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Flying from the Black Hole: The B-52 Navigator-Bombardiers of Vietnam Kindle Edition
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For any of you who lived through this, or have read about it, you know that the TDY turned into rotating shifts of 6 months each. Six months gone and one month at home. The first six was not bad, but after that it was pretty much of a drag. I finally moved to Guam. It was from Anderson that my Pilot Husband was flying. (Yellow River and White Rabbit are still some of my "most recognized" songs.)
After three rotations of living with a Pilot, I had a pretty good idea of what his "days" were like. Fly to Viet Nam; drop bombs; avoid SAMS; and bring it on home. Actually, he got some time off in between flights and we went to the beaches, tramped through the Jungle, and even made enough Guamanian friends that we went to local parties. It was not idyllic, but it was certainly better than having me sit around Stateside wondering what my beautiful guy was up to.
Oddly enough, I had relatives who were also stationed on Guam at the time, though they were not TDY, they were permanent. And, they were not Air Force, so I did get another perspective on things.
We got the crew together pretty often for dinner and a bit of partying, but mostly it was flying. There was only one other wife there from the crew, but that was better than most had, so our crew stayed pretty cohesive from its Stateside set up to its Guam self. Altogether, I had known these guys for 3 plus years. I was very familiar with EWO's, Radars, Radar Nav's, and Gunnie. Of course, my husband had already transitioned through the Co-Pilot phase, so I knew where he sat, even if I knew little of what these brave men really did.
I was looking for books to read a bit ago (I lost my FlyBoy to the war in the end) and happened upon this book about a "hole." A "hole"? As well as I knew these guys, I didn't know anything about holes, even though at one time, the crew was required to bail. So, I decided to get this and read it.
I was aware that our Radar-Nav disappeared at some of the strangest times and worked when others did not. But I was only 25 years old...What me worry? My husband said all was well and he was doing a bit of work, so I let it go. So much information was classified that at times it was a comedy just trying to carry on a routine conversation; let alone, discuss the seating arrangements and their limitations within the Buff. I mean, my guy had a front row seat, and he complained little. Who was I to question the machinations of Uncle Air Force?
So, it was with Great Interest and then Increasing Fascination and Awe that I read THE HOLE. My very favorite part (sometimes I am still an airhead, though I think I have matured quite a bit since those years. If an active duty death doesn't put some lead in your spine, then nothing will!) was the Radar Nav's description of his "pinked" initial flight in his esteemed position. That would be the description of the flight out of Castle where he had eggs and sausage for breakfast, THEN learned that he would be the recipient of all things odiferous that transpired on that monster. Did no one warn him? Where were his friends? How about instructors? Maybe he just missed the briefing where "Buff Smells" were discussed. I do not know. It was a riotously funny story. But, of course, I felt awful for him. He has spent a couple of years learning his illustious Profession only to discover that the whole thing Stinks...literally. And I have to say, or all the eruptions that were occurring, his Instructor was the monument of Calm. He must have seen this happen more than one time. And, of course, "a war was on" so he got another chance. I think Gatorade would have been my Breakfast of Choice for the next flight...or did they even have Gatorade then? No, it was Tang. I guess I would have had a bit of Tang.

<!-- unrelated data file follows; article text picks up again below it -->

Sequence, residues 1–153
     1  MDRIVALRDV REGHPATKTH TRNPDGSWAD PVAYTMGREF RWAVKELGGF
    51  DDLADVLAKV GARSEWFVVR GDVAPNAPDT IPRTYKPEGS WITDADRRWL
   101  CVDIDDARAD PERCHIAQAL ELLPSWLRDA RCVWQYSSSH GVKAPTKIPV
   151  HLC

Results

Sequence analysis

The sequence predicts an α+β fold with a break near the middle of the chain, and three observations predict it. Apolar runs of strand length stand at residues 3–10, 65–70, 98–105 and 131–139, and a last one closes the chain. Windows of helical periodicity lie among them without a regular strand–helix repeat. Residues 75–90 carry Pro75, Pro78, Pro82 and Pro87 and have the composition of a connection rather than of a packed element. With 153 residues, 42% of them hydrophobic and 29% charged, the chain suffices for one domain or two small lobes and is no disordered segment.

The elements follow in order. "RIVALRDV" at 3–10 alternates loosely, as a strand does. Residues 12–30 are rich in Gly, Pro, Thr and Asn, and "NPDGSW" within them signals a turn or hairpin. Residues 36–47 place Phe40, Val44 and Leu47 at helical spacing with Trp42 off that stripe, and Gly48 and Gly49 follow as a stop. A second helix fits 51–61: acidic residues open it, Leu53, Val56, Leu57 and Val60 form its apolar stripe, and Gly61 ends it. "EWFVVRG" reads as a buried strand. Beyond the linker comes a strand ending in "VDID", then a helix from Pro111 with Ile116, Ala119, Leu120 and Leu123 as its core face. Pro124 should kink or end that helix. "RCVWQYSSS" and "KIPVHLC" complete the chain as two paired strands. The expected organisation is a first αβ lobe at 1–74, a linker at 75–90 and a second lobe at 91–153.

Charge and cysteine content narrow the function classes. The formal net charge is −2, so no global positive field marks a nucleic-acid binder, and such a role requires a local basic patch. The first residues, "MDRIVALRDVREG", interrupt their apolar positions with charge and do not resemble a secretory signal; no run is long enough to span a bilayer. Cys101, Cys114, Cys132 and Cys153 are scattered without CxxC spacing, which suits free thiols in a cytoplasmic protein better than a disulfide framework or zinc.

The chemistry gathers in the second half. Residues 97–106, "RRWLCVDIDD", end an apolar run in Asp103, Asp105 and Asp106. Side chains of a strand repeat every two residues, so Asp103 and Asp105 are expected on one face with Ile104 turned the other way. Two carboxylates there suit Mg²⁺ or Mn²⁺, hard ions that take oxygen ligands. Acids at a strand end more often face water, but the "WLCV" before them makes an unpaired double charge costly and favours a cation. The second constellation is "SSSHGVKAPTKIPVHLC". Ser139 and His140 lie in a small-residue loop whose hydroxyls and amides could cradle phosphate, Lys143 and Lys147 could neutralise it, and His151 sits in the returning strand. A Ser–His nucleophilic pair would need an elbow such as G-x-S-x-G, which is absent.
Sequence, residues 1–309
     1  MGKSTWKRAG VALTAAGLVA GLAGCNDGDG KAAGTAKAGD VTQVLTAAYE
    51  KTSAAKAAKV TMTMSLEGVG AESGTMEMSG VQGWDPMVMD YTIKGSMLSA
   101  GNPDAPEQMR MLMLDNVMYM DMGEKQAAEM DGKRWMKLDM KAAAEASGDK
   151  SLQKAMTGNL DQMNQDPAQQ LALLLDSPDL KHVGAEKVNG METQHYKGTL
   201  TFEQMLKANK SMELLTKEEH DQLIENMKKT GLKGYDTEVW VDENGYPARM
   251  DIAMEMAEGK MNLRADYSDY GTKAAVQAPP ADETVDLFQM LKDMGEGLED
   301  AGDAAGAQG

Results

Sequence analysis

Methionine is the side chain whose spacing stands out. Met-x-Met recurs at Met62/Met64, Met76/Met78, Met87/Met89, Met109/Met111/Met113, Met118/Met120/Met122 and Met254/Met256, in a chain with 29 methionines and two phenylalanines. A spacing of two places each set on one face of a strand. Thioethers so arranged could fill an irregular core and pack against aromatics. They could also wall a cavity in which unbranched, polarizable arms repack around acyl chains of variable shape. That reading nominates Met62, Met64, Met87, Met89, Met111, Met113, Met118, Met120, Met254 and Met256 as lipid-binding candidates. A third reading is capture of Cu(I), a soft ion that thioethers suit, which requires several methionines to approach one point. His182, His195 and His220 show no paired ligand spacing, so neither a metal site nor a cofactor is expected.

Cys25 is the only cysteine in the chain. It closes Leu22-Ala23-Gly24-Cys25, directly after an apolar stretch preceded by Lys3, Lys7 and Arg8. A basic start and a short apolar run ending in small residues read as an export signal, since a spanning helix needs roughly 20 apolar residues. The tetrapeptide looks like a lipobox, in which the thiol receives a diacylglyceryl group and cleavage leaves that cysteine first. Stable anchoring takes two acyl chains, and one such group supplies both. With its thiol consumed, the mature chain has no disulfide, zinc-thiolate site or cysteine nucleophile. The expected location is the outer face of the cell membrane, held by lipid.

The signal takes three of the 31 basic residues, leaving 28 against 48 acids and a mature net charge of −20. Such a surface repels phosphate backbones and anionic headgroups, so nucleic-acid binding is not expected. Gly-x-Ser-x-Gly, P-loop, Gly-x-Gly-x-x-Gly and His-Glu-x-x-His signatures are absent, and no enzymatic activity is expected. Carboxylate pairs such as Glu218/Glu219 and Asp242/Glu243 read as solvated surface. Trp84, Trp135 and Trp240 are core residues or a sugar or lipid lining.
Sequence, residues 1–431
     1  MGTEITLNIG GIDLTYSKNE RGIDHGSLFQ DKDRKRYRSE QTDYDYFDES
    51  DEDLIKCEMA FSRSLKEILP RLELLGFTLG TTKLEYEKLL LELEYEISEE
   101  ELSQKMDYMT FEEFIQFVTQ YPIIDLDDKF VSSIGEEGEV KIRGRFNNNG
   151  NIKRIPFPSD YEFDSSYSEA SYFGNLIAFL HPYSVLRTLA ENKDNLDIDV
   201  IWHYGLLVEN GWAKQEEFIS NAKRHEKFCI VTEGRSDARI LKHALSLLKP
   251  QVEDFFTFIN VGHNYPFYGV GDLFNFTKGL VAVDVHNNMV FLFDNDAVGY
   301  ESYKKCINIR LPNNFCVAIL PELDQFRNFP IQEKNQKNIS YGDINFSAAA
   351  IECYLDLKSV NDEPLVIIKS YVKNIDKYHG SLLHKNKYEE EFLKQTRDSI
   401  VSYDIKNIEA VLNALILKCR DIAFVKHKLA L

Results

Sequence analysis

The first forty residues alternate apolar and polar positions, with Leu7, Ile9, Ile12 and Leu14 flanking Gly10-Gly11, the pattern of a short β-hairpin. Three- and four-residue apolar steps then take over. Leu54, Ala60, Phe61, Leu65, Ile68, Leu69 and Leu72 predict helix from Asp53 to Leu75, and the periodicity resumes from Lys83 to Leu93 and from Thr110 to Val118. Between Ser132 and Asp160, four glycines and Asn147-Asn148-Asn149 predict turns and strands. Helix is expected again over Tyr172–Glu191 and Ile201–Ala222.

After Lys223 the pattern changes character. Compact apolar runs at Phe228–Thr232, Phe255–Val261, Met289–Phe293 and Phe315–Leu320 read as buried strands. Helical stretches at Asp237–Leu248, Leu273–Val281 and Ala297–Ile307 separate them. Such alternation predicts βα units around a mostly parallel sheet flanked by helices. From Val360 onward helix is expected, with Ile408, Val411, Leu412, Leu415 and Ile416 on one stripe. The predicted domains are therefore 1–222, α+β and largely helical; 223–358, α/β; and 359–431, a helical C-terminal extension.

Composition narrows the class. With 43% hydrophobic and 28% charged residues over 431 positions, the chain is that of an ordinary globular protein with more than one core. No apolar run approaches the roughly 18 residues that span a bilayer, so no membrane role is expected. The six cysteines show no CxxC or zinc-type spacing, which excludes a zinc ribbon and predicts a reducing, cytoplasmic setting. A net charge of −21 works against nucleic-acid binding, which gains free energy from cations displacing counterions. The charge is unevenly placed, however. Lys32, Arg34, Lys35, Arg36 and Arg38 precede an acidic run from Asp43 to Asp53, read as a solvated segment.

After reading this book, I was amazed that I was "right there" when all the things were happening and I was so ill informed. Now, to the best of my recall, my husband flew a "G", so things were not so bad as the "D." That may be why my education seemed so lacking. But still, I gather that the Radar Nav gets it no matter what...the extra work and the smells.
On SAM's. I was pretty well versed on those, though I will never admit it. If the Air Force ever really wondered why evasive manuevers were performed during LineBackerII, they might cast a raised eyebrow at the wives, not to mention, those other guys who were along for the ride with the pilot. SAMS had been seen and endured before that. But who knew the numbers of them that could be hurled skyward at a bunch of "sitting ducks" (think in your mind of REAL ducks flying home or back) flying in straight lines. I do not think the straight line, no deviations order made it out of the briefing room intact. These guys, most of them, had been away from home for at least 18 months, and were not really excited about getting their rear ends shot off because some head honcho said "no dodging" of those SAM things! Did they REALLY think that would work? I heard it said that "we were past the Brits and their 'Onward went the 600, into the Valley of Death.'" The Big Wigs were not still with us and on their golden thrones because they did no "dodging of bullets" during their day. You can trust me on that one!Of course the guys dodged the SAMS. Huge thanks yous to the Radar Navs, the Radars, the EWO's, and the Gunners...especially you guys "in the Hole" who told the Pilots where the flak was coming in. I DID LEARN a few things while on the Rock. "It is nice to have a Pilot steering,'BUT you gotta have a NAVIGATOR' telling him where to steer!!!"